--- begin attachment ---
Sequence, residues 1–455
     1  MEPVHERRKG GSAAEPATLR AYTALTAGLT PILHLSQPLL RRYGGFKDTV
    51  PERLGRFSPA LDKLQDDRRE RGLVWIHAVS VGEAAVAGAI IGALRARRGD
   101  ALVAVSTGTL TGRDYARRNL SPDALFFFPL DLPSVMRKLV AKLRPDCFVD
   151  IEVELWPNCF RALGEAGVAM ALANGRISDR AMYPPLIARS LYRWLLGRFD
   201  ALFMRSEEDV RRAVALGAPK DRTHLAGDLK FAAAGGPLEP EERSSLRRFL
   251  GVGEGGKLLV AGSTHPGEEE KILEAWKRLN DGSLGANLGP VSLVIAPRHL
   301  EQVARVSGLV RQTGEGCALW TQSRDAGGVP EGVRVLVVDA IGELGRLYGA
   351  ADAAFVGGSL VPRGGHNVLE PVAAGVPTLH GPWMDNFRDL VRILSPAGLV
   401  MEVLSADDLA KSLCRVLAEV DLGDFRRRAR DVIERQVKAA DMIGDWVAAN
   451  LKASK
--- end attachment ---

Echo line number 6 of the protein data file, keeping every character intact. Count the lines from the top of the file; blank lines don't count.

   201  ALFMRSEEDV RRAVALGAPK DRTHLAGDLK FAAAGGPLEP EERSSLRRFL